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Notgeld - Germany

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Just a quick comment on the two latest notes ...

 

Gothmund (part of the city of Lübeck) was and still is a picturesque village on the Trave river, with quite a few old houses like the one depicted (see "Haus in Gothmund" at the bottom). The motto underneath the two men is in Platt, not standard German. What I think it says is: (left) My small house on the waterline sparkles in the sunshine, (right) Put up with bad weather, above you a holy hand.

 

The second one is from Haderslev (German: Hadersleben), in the Danish region of Sønderjylland. In the 19th century the town became Prussian, and thus, in 1871, German. After WW1 the Danish-German border regions voted whether they should be part of Denmark or Germany. So in 1920 the German Hadersleben became the Danish Haderslev again. And the referendum is what the note refers to, in a mix of Danish and German.

 

Note the symbol below the 50, by the way - that means Pfennig but is actually a lowercase D. Refers to denarius, much like the d used in the UK before the country went decimal. My grandmother actually used that instead of "Pf" ... :ninja:

 

Christian

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Just a quick comment on the two latest notes ...

 

Gothmund (part of the city of Lübeck) was and still is a picturesque village on the Trave river, with quite a few old houses like the one depicted (see "Haus in Gothmund" at the bottom). The motto underneath the two men is in Platt, not standard German. What I think it says is: (left) My small house on the waterline sparkles in the sunshine, (right) Put up with bad weather, above you a holy hand.

 

The second one is from Haderslev (German: Hadersleben), in the Danish region of Sønderjylland. In the 19th century the town became Prussian, and thus, in 1871, German. After WW1 the Danish-German border regions voted whether they should be part of Denmark or Germany. So in 1920 the German Hadersleben became the Danish Haderslev again. And the referendum is what the note refers to, in a mix of Danish and German.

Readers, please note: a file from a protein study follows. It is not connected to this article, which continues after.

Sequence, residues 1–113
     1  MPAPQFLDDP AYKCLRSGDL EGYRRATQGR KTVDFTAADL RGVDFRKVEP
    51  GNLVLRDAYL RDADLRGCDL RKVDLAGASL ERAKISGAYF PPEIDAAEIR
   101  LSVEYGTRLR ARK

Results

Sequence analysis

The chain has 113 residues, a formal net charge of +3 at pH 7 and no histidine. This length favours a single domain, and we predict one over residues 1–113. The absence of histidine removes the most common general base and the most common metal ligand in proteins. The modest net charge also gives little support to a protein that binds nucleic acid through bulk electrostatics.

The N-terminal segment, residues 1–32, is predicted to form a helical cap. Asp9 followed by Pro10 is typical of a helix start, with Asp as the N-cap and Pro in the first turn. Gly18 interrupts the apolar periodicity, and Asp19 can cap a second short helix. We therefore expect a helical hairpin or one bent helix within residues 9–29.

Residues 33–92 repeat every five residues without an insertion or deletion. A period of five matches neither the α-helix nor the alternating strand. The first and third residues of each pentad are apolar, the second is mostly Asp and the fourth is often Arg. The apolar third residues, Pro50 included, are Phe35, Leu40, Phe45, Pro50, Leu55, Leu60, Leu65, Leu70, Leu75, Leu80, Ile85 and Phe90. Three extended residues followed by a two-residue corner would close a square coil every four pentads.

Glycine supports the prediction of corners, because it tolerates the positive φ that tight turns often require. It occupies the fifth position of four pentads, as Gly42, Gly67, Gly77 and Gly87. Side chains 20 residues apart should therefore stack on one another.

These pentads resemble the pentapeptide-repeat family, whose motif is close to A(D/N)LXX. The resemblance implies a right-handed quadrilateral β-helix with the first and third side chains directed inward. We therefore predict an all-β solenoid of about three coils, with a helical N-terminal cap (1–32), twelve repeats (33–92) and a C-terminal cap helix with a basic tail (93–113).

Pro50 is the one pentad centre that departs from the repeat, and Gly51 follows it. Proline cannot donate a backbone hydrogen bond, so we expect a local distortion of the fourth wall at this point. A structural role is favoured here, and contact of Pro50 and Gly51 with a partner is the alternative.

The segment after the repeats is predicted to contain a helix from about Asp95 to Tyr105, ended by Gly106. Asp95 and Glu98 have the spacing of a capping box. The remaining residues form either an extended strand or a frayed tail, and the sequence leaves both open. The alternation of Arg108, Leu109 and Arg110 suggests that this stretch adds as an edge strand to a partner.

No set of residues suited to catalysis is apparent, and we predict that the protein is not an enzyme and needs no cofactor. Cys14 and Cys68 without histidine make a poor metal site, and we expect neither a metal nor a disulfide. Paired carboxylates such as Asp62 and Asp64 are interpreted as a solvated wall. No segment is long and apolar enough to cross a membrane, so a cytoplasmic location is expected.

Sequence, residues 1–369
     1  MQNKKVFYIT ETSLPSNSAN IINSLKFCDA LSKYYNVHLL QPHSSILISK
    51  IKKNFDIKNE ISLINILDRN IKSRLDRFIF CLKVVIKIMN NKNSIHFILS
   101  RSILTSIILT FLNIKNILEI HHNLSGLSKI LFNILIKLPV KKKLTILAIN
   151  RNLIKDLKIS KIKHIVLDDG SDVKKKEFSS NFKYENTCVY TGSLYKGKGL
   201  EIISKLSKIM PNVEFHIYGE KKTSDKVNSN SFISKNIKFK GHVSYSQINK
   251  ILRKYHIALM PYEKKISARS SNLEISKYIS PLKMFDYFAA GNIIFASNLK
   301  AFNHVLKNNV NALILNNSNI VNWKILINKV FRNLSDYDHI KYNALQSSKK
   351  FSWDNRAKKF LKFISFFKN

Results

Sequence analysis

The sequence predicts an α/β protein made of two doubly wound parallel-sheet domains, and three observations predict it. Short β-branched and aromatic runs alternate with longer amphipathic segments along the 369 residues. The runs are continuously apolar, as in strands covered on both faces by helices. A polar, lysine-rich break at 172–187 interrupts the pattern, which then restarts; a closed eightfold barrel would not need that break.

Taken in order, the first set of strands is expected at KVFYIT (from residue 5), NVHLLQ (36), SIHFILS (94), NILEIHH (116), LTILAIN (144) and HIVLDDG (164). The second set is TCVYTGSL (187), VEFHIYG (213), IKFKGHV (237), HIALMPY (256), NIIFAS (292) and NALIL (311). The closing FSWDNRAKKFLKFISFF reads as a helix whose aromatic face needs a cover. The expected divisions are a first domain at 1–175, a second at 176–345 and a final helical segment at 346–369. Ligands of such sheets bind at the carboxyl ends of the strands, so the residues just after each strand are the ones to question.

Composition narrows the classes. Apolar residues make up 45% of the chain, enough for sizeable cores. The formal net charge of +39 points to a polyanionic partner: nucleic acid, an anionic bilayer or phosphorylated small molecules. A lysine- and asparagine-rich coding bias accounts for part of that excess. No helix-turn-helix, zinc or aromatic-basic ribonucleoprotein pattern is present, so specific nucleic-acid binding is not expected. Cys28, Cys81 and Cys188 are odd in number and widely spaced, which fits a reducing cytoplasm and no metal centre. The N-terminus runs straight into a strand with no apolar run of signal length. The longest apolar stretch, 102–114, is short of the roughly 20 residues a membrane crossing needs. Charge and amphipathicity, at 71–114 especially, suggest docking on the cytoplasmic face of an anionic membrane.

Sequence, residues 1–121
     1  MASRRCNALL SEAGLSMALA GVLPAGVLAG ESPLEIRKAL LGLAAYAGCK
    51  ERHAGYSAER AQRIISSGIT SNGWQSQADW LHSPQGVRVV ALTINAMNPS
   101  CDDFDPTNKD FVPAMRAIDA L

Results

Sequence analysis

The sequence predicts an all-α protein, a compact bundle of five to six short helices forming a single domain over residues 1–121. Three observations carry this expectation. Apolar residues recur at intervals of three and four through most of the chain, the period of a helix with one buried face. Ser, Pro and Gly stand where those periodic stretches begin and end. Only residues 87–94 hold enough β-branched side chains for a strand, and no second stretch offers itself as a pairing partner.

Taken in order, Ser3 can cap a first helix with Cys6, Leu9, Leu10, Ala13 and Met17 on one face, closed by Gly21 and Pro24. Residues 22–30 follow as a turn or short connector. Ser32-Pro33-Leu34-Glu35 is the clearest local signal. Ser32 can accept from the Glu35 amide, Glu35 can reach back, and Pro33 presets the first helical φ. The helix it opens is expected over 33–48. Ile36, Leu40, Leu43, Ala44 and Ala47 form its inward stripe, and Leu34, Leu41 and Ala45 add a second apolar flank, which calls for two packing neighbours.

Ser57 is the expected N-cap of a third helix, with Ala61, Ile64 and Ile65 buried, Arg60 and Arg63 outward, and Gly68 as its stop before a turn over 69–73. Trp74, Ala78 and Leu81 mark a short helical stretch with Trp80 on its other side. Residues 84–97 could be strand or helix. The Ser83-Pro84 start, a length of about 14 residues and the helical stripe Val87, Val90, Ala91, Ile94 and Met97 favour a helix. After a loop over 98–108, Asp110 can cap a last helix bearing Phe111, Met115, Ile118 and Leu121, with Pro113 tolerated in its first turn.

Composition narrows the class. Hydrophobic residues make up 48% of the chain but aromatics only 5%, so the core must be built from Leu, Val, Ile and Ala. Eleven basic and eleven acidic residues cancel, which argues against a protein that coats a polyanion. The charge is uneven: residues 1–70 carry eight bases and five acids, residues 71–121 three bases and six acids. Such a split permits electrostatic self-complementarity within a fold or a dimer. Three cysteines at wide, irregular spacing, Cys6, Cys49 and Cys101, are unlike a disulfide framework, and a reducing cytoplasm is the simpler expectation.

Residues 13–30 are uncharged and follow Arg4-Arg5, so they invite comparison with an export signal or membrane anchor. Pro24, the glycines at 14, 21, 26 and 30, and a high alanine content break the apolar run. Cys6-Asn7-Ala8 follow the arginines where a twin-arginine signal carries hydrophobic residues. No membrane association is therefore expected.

Note the symbol below the 50, by the way - that means Pfennig but is actually a lowercase D. Refers to denarius, much like the d used in the UK before the country went decimal. My grandmother actually used that instead of "Pf" ... :ninja:

 

Christian

 

 

Great info. Thanks for sharing it with us.

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An the reverse view on the 50 d. is beautiful. Wonderful note.

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benGermany25pfennig1Oct1920obv-vi.jpg

 

benGermany25pfennig1Oct1920rev-vi.jpg

 

Fallersleben, Germany 25 pfennig 1Oct1920

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German women ... :lol:

 

At least that is how the text on the obverse begins. The four lines are the second verse of the "Lied der Deutschen" written by August Heinrich Hoffmann. Since the name Hoffmann is a somewhat common one, and he was from Fallersleben, he called himself Hoffmann von Fallersleben.

 

German women, German loyalty,

German wine and German singing,

shall in the world keep

their old good sound!

(odd word order since I wanted to preserve the lines)

 

Interestingly the Lied der Deutschen became the German national anthem about two years after this note was issued. (The Federal Republic of Germany has the third verse as its anthem.) The other side shows Hoffmann himself, and Fallersleben Castle. Today Fallersleben is part of the city of Wolfsburg, NI.

 

And there's that pfennig symbol again. A little more "ornate" than a mere lowercase d ... :ninja:

 

Christian

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Thanks Christian. :ninja:

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LemgoGermany10pfennig25May1921-vi.jpg

 

goGermany10pfennig25May1921rev-vi.jpg

 

Lemgo Germany 10 pfennig 25May1921

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eiffenbergGermany3Marks192xObv-vi.jpg

 

eiffenbergGermany3Marks192xRev-vi.jpg

 

Greiffenberg Germany 3 Marks 192x

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Many lost images. I'll see about recovering what I can.

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Nice grouping of notes.

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That's another nice grouping of notes. :bthumbsup:

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